The island of Haiti: how do the descendants of the freed slaves live today?


Haiti is officially considered the first power in history where black slaves were able to organize a successful uprising and form a country of their own. In the 19th century, their success challenged the theory of white supremacy and frightened all slaveholders in America.

However, after the liberation from the oppressors, the Haitians were not remembered for their successful economy or cultural achievements.

Almost nothing is known about the Haitian revolution of 1791 in popular culture. However, the local war for freedom was the largest slave revolt in the last 2,000 years of human history. Then the weapons were raised by 500 thousand blacks and 28 thousand mulattoes. But how did it happen?

The island of Haiti was

Local Indians did not want to work on the plantations, and therefore they were completely exterminated by the colonialists. Instead, black slaves were brought to Haiti. Life expectancy of an African on a plantation

The supply of slaves increased, the plantations expanded. By the end of the 17th century, the island produced up to 40% of all sugar in the world and was the subject of fierce rivalry between the great powers.

In 1697, half of the island was conquered by the French. For almost 100 years, Haiti remained the richest French colony. However, in 1789, a democratic revolution broke out in Paris. Ideas of freedom, equality and fraternity have swept into the Caribbean.

Haitian mulattoes, descendants of mixed marriages, have claimed their rights. However, the colonial government replied that the revolution in Paris did not concern Haiti. The mulattos raised an uprising, which was soon supported by blacks — 90% of the island’s population.

Charles Leclerc’s 60,000-strong corps, sent to suppress the revolution personally by Napoleon, did not achieve success. Mainly because the British helped the black revolutionaries.

In January 1804, after 13 years of resistance, the blacks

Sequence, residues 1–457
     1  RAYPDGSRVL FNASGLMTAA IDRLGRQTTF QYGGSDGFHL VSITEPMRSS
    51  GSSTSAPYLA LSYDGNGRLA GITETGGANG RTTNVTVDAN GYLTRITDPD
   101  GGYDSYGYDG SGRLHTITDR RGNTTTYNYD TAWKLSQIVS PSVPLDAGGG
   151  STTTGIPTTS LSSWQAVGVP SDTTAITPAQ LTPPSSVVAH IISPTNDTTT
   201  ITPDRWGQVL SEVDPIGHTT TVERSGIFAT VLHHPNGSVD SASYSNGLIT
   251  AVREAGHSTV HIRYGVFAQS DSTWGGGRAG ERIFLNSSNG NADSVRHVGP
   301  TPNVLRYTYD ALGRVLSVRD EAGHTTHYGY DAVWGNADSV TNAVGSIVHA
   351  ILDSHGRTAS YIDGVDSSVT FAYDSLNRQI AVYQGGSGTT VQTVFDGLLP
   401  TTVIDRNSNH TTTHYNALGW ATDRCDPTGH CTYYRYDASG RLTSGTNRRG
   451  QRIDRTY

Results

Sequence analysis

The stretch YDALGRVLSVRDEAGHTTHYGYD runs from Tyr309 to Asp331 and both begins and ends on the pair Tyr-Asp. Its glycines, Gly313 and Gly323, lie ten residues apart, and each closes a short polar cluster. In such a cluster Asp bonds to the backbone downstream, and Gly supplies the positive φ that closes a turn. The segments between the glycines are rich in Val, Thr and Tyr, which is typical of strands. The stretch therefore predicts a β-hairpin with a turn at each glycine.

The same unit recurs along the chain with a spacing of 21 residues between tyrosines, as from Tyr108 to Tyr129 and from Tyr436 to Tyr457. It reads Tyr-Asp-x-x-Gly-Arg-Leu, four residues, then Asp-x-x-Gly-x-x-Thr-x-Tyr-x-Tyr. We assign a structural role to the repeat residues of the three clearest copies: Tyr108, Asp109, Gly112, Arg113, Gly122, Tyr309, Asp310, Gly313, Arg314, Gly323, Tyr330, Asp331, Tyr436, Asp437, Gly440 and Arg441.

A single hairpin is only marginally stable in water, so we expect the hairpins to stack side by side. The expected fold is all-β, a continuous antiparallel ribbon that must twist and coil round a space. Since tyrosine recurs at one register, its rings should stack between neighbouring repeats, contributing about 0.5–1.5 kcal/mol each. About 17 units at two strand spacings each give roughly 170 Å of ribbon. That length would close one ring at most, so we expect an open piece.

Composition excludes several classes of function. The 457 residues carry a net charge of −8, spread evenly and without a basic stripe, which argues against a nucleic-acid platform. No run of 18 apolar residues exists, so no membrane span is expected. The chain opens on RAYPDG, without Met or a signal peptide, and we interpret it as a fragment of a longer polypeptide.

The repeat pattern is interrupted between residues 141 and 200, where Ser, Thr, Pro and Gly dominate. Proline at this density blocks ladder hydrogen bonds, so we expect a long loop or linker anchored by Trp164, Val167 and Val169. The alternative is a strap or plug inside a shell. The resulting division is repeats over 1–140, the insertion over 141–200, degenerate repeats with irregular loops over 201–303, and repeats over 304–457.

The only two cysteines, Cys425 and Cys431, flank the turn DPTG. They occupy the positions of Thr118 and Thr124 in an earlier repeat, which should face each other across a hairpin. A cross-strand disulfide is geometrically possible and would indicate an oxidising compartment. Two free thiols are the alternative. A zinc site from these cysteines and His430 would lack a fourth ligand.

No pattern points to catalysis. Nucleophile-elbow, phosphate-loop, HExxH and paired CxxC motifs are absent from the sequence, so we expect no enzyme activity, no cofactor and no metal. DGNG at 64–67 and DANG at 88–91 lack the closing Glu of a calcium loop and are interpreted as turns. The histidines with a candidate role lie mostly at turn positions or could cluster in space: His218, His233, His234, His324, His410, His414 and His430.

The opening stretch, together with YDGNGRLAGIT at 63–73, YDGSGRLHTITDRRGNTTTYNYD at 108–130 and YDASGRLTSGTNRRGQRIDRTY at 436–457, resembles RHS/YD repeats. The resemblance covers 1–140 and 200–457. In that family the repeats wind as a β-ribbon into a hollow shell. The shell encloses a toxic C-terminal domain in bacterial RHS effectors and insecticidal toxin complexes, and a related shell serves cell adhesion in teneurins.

The fate of the liberated French colony turned out to be typical for most African countries of the 20th century. The republic is mired in endless internecine wars. This continued until, in 1915, Haiti was occupied by American troops.

After 20 years, the US authorities left the island, but they still retain their influence. It is expressed in the establishment of a Haitian dictatorship loyal to America.

François Duvalier became one of these dictators. From 1957 to 1987, the black tyrant and his hereditary son Jacques killed up to 60 thousand of their own population and robbed the country so much that today it is considered one of the poorest powers in the world.

The Duvalier clan was needed by the United States as a counterweight to Soviet Cuba. However, if the USSR built hospitals, roads and schools in Cuba, then the States did not build anything in Haiti. On the contrary, American businessmen were plundering local resources.

Unfortunately, after the overthrow of Duvalier, the situation in the republic has not changed much. In 2004, a rebellion against another American protégé, Aristide, was raised by militants of the Army of Cannibals. The US Marine Corps and French Special Forces had to pacify the black terrorists.

In 2010, the island experienced a strong earthquake. More than 200 thousand people died. The entire infrastructure was destroyed. The money to restore it has been stolen.

Today, 11.5 million people live in Haiti. 60% of them

Having achieved success in the struggle for their rights, Haitians have not been able to build a political system that works for the good of society. And frequent cataclysms finish off an already fragile state.